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He is director of The Wilmer Eye Institute, The Johns Hopkins University School of Medicine, Baltimore, and chief medical editor of Ophthalmology Times.
Google-Ascension deal ignites private data debate
“It is a capital mistake to theorize before you have all the evidence.” – Sherlock Holmes, A Study in Scarlet
I was invited to participate in a recent panel about emerging trends in the future of healthcare. Artificial intelligence, telemedicine, gene therapy, and immuno-oncology are all fascinating scientific advances that people like to think about.
As we enter another election cycle, some politicians are calling for dramatic overhauls of the U.S. healthcare system. This includes price controls and European-style, mandatory single-payer governmental insurance (“Medicare for All”), which suggest the possibility of enormous change in how this huge industry works.
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The panel discussion was moving along in a reasonable way and the audience of a few hundred seemed to be listening closely. Each panelist would address the question asked of him or her and the room was otherwise fairly quiet. If the moderator or a panelist inserted a little humor into the discussion, the audience would laugh politely, but that was about it.
Then a question was asked of one of my fellow panelists: “There is tremendous interest in many sectors (insurance companies, pharmaceutical companies, researchers, etc.) in obtaining and analyzing the healthcare data of large numbers of patients. My question to you is: ‘Who owns that data?’”
The panelist, an executive of a medical device manufacturer, responded quickly. “Patients own their data.” After a one-second pause, the audience, previously quiet, burst into loud applause.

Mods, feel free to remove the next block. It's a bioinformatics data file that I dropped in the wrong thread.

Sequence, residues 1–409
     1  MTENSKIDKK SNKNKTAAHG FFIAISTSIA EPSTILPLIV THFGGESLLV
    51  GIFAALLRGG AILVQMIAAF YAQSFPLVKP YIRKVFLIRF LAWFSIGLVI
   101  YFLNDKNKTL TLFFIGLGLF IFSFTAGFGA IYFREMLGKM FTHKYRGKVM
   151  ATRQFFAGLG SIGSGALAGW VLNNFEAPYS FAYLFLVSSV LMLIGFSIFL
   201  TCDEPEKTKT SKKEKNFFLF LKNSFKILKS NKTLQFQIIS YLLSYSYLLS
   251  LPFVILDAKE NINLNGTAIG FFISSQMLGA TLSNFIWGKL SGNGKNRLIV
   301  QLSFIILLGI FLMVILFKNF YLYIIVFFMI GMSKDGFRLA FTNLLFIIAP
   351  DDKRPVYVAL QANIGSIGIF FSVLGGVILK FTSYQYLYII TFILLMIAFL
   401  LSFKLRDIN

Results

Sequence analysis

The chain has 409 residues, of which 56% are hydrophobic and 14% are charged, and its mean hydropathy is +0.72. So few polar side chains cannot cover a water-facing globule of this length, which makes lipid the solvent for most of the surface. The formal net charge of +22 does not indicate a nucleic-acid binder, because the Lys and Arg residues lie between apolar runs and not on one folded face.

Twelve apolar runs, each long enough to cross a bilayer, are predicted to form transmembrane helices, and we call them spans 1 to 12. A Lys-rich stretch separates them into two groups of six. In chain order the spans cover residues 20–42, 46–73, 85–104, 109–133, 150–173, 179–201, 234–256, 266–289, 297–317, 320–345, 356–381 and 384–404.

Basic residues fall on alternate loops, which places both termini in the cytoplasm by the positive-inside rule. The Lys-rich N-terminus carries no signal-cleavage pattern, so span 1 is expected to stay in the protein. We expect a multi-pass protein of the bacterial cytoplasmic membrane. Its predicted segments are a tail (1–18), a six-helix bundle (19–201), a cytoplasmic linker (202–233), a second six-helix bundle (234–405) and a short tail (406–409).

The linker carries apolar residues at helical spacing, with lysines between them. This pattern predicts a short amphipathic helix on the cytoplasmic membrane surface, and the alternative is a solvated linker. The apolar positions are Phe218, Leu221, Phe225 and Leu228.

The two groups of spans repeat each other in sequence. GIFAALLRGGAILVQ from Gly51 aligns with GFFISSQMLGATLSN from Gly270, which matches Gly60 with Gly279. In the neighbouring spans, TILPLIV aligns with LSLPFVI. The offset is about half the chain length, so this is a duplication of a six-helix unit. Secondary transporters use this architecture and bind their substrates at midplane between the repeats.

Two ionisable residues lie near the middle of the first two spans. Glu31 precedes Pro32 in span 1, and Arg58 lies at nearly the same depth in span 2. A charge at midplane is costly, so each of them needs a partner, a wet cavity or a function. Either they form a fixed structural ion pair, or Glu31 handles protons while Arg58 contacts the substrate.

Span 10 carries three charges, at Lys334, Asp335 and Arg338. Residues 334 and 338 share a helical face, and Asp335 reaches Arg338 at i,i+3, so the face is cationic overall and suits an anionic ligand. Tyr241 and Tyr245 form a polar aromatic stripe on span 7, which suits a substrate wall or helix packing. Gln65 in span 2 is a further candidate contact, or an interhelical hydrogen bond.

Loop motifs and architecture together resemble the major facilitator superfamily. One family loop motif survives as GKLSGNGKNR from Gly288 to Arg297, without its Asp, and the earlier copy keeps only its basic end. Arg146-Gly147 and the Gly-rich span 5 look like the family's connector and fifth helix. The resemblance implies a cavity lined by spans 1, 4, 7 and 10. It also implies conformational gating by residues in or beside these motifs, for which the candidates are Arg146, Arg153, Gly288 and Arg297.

“People clearly care a great deal about this issue,” was my immediate thought.
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The recent revelation about the existence of “Project Nightingale” and the ensuing uproar were both interesting and predictable. The Wall Street Journal reported that Google began the project in secret last year with St. Louis-based Ascension, a Catholic chain of 2,600 hospitals, doctors’ offices and other facilities and the second largest health system in the United States.
“The data involved in the initiative encompasses lab results, doctor diagnoses and hospitalization records, among other categories, and amounts to a complete health history, including patient names and dates of birth. Neither patients nor doctors have been notified. At least 150 Google employees already have access to much of the data on tens of millions of patients.”
As I understand it, based on news reports I have read, Ascension’s position maintains that analyzing the data using artificial intelligence and machine learning will result in strategies to ultimately improve care of patients. The assertion is that the use of the data for this purpose is legal and ethical, and the companies did not need to secure permission from patients to start mining the data and did not need to inform its doctors that this huge data mining project was under way.
Not everyone else is so sure. According to Ellen Clayton, professor biomedical ethics at Vanderbilt University, “the optics are bad.”
“The legal argument is tenuous,” she said. “Ethically, this is a bad strategy. They need to tell people what they are doing.”
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U.S. senators-including Sen. Bill Cassidy, a Louisiana Republican who is a physician-are expressing concern about the program, calling for a moratorium or investigation or proposing legislation.
Again, according to The Wall Street Journal, Google wouldn’t disclose the financial terms of the deal with Ascension. Nor would it say who at Google is allowed to access the data.
Let’s presume the motives of all involved in Project Nightingale are pure. That does not change the fact that Americans do not want their data shared in secret deals. Having this program come to light this way was a mistake by both corporations.
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1. Google’s ‘Project Nightingale’ Gather Personal Health Data on Millions of Americans. WSJ. Nov 11, 2019